This stanza demonstrates to the readers the contention of tension the public arena with men and women. In the fourth line of the poem, Bradstreet portrays her disappointment with the Puritan 's thought of the place of a woman. By saying
Anne Bradstreet and Mary Rowlandson, two women who had strong religious beliefs. Their strong religious beliefs made them to survive the struggles that they endured in their lives. Anne Bradstreet struggled with her faith and her acceptance as a writer in Puritan society. Mary Rowlandson struggled in captivity where she was taken hostage with her ailing daughter by the Indians. Both these women overcame their difficulties through their beliefs to God.
In this essay, I will analyze the poem Verses Upon the Burning of Our House (July 10th, 1666) by Anne Bradstreet, a puritan who most critics consider to be America’s first “authentic poet. The poem is based on a true story as Anne’s house really did burn down and illustrates her meditations on this event, the pain she felt after losing her home and the effect it had on her faith. The main theme is Anne’s struggle to not become attached to material things. I will begin by explaining the rhyme, style, and tone of the poem, continue by explaining which literary devices and interesting features we can find and the effect they have on the reader, then I will analyze the poem and finally I will give a brief conclusion. Verses Upon the Burning of Our House is a poem written in couplets in iambic tetrameter scheme which makes the story flow nicely.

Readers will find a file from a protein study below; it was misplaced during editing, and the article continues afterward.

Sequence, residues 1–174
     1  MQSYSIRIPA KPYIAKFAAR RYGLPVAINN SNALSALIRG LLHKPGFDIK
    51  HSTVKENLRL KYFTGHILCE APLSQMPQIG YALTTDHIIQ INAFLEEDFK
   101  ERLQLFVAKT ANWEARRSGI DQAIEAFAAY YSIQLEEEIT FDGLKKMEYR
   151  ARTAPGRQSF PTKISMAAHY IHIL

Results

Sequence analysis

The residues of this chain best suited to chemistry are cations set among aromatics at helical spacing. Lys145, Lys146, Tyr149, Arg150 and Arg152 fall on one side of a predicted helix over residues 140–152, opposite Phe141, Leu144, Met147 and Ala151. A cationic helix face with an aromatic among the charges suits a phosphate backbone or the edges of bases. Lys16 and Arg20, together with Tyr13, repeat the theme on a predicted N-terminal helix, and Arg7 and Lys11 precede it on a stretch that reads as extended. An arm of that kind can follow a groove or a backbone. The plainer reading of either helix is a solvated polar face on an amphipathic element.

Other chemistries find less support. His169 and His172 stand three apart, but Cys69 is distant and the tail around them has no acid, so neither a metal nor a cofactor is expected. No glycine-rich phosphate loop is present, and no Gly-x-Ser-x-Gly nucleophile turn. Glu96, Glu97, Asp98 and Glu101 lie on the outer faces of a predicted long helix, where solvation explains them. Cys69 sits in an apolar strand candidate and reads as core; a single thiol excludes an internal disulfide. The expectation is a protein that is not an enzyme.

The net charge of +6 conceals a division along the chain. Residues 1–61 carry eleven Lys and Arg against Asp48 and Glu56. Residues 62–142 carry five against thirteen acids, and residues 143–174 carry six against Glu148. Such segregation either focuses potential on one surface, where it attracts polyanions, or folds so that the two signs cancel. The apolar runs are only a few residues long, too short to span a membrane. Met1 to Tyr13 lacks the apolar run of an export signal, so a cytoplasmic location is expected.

Anne Bradstreet’s poem “To My Dear and Loving Husband” was written between the years of 1641 and 1643. “Not until the year 1678, six years after Bradstreet’s death, the poem was published” (Ruby 228). A poet with Puritan beliefs, this poem uses the religious language, hyperbolic metaphors, paradox, and antiquated diction and style in order to explain the devotion and love for her husband as she struggles with the Puritan way of life along with the uncertainty of her reassurance of love. Reading this poem over and over for countless hours I came to the conclusion that there are two messages that Bradstreet was trying to project in this poem, the Literal way and the sarcastic way. The Literal way clearly shows the readers the love of a wife for her husband.
Bradstreet creates a deeper meaning in her poem through her discussion of earthly value versus eternal value and how she discovers the importance of eternal value through the loss of her earthly possessions. The first example of her discovery is her feeling that she has lost her earthly possessions. In her recount of the flames overtaking her house, Bradstreet says, “I blest His name that gave and took, That laid my goods now in the dust” (Bradstreet ll. 14-15). In these lines,
Furthermore, by using end rhyme, Bradstreet symbolically shows restraint. In the same way that a poet controls oneself by specifically using end rhyme, the poet is controlling her emotions when dealing with a sad experience and accepts her mortality. Similarly, in “Verses Upon the Burning of our House,” proof of Bradstreet’s faith is indisputable. After being initially distraught at her house burning down and losing all of her belongings, Bradstreet recounts how she reorients herself and blesses “His name that gave and took,
At the end though she still believes that the child is in good hands of God, in belief that it happened for a reason. Finally, in the third poem, her grandson dies. She throws questions more toward God on why he would remove her loved one from this earth so soon. Bradstreet is merely in depression, yet she finds courage at the end and believes that something good will be coming their way after the loss.